Alternative ways of saving for the future

For those reasons, alternative investments, especially property and ISAs are popular with self-employed people. In fact, research from the RSA finds that, while self-employed people currently have lower incomes on average, they have approximately three times the wealth of employee-only householders. For many, squirrelling away a nest egg is what has enabled them to become self-employed.

But of course, the downside of flexible savings means that when economic or personal crises hit, they can be eaten away much more quickly. While it makes sense to have relevant insurance as a buffer in those situations, more than 70% of self-employed people do not have life insurance and over 90% are not covered for critical illness.

In the long run, a private pension is still more tax efficient and generally delivers a better rate of return than alternative savings vehicles. Pension incentives for the self-employed could be better, but on balance having a pension as part of your retirement planning still makes sense.

Private pensions for the self-employed

The UK’s State Pension is at the bottom of the international pensions league. The average across OECD countries is a State Pension of 63% of average wages, in the UK it is just 29%. Woeful. And let’s face it, it is unlikely to get much better and in the current and unfolding economic climate. It may even get worse.

Many of us choose to be self-employed in order to be self-sufficient. Now more than ever before, you need to apply this mindset to your old-age planning.

On the positive side, there are great tax breaks for making pension contributions. For every £100 you contribute, the Government will add an extra £25. And if you’re a higher rate tax payer, they’ll give you another £25 on top of that. If you run a Limited Company, any pension contributions that the company makes on your behalf will also save the company Corporation Tax.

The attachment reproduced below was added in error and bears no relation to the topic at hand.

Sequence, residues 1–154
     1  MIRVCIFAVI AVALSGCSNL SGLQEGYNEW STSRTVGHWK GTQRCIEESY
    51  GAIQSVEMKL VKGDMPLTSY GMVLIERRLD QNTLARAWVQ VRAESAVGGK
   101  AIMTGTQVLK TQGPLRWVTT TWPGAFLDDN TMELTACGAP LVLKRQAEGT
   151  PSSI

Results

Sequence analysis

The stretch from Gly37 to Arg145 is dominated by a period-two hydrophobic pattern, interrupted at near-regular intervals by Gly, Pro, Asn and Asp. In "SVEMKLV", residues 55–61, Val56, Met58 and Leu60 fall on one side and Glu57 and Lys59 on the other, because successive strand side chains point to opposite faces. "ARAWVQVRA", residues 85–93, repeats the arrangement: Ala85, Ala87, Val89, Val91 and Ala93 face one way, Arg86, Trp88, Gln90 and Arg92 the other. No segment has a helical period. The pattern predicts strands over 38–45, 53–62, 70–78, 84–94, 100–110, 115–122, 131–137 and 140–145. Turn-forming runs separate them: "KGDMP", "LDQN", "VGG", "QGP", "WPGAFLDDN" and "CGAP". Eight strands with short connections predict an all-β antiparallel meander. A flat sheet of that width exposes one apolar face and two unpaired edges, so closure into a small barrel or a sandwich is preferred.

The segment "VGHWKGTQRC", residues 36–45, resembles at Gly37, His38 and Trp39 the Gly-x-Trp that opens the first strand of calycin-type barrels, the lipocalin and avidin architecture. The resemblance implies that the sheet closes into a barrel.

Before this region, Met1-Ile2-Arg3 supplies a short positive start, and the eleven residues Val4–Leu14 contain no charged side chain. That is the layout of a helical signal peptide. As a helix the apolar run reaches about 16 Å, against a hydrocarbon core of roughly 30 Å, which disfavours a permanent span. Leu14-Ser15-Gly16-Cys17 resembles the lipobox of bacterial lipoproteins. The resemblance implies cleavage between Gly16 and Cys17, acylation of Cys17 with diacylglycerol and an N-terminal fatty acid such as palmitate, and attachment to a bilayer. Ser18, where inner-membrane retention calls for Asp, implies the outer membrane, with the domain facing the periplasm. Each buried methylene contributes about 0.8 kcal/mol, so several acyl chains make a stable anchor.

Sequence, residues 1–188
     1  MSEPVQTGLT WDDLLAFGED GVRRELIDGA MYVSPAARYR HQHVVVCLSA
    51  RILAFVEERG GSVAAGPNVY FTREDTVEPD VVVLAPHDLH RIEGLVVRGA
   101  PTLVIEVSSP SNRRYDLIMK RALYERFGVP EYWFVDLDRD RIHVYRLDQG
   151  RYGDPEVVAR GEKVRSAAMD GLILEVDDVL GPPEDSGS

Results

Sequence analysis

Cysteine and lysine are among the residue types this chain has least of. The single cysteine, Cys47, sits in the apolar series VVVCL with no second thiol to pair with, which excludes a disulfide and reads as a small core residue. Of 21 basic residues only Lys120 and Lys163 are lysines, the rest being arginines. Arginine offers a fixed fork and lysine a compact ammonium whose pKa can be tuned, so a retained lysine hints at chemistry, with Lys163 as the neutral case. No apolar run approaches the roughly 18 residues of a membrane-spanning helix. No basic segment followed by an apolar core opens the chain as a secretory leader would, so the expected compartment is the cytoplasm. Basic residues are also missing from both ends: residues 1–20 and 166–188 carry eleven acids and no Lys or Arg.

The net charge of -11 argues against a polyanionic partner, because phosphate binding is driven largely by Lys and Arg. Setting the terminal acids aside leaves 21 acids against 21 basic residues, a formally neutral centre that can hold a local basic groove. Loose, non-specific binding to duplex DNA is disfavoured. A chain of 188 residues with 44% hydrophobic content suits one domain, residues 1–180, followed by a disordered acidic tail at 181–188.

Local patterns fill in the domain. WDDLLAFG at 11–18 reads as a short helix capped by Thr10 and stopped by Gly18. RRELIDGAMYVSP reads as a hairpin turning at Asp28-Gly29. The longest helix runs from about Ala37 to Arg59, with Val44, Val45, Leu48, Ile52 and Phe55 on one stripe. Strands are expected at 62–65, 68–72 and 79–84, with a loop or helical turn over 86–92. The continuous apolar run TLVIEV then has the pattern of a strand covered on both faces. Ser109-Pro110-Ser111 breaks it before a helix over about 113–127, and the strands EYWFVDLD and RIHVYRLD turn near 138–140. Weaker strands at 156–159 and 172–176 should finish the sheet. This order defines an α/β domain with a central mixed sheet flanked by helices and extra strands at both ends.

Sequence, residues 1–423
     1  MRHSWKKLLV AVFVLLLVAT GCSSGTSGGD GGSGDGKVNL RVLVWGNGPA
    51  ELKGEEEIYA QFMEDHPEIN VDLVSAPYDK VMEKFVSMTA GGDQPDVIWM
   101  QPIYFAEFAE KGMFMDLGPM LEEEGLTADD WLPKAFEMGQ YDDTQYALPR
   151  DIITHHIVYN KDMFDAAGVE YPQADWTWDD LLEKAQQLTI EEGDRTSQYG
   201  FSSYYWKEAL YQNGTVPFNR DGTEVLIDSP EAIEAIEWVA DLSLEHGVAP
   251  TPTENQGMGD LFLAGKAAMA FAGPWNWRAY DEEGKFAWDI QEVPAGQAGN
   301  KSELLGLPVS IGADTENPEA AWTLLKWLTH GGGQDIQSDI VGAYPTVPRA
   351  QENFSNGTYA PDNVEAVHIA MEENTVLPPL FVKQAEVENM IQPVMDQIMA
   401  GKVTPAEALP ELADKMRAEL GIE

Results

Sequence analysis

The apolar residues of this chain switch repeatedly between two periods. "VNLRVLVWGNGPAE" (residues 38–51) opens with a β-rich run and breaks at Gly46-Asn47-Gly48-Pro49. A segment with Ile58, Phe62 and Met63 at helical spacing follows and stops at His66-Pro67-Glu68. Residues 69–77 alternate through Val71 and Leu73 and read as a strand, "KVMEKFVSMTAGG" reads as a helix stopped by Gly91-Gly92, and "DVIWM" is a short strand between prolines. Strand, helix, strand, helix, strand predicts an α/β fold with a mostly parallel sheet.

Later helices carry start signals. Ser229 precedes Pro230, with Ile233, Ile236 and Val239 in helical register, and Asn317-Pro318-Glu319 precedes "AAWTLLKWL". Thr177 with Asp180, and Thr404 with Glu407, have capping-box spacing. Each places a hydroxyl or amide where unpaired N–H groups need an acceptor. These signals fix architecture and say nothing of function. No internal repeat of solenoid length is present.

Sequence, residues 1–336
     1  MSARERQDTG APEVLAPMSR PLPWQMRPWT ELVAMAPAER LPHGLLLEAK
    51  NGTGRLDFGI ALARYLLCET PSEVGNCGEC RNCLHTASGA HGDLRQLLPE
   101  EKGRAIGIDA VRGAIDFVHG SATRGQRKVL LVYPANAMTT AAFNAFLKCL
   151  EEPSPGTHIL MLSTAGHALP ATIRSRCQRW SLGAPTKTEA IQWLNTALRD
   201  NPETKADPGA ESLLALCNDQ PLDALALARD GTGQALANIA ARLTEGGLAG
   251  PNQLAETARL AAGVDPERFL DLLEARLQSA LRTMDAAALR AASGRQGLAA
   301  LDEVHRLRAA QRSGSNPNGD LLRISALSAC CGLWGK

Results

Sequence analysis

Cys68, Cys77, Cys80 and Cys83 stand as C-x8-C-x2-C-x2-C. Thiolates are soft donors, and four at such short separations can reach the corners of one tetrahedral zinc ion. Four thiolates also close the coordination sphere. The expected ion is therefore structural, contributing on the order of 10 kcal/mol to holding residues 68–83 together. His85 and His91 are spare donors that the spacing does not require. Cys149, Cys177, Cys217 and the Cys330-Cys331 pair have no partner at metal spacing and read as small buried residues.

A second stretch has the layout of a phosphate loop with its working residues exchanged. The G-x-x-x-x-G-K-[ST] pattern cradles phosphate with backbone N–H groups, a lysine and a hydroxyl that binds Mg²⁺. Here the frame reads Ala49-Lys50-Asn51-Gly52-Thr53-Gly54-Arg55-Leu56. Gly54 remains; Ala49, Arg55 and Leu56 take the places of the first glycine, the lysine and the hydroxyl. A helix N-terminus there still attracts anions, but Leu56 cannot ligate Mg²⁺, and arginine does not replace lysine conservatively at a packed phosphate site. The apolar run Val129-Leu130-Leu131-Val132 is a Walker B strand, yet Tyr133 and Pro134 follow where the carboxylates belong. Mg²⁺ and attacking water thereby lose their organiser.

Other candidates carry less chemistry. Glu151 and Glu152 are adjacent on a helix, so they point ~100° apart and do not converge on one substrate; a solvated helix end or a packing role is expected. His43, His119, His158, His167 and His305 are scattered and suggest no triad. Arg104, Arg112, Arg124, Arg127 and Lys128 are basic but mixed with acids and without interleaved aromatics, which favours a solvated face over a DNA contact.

You can usually access your pension pot from the age of 55 and draw down a 25% lump sum tax free. However, the longer you leave your pension before drawing it, the larger your pot will become and the larger your long-term payments will be.

Most self-employed people who set up a pension plan will opt for a personal pension. The three main types are: Ordinary personal pensions; Stakeholder pensions and Self-invested personal pensions.

If you’ve been ambivalent about starting a pension because of uncertainty about the security of future earnings and the need to stay open to potential fluctuations, then a Stakeholder Pension may be the best bet. Those have a maximum charge of 1.5% and you can stop and start contributions without penalty.

NEST Pension for the self-employed

Self-employed people (including sole director companies) can also use the government’s NEST (National Employment Savings Trust) pension scheme. NEST is run by a Trust on behalf of its members, it is not-for-profit. Charges are relatively low (averaging 0.5%) and you can adjust or pause contributions without penalties (as long as you maintain a minimum contribution of £10 per month).

NEST also have an easy-to-use online platform where you can track your contributions, make additional payments and update your details. You can find out more about signing up with NEST as a self-employed person here.

Choosing which self-employed pension route to go down will depend on your circumstances. Before you make a long-term financial plan it may be a good time to talk to a regulated financial adviser. Just make sure you do something and get started soon.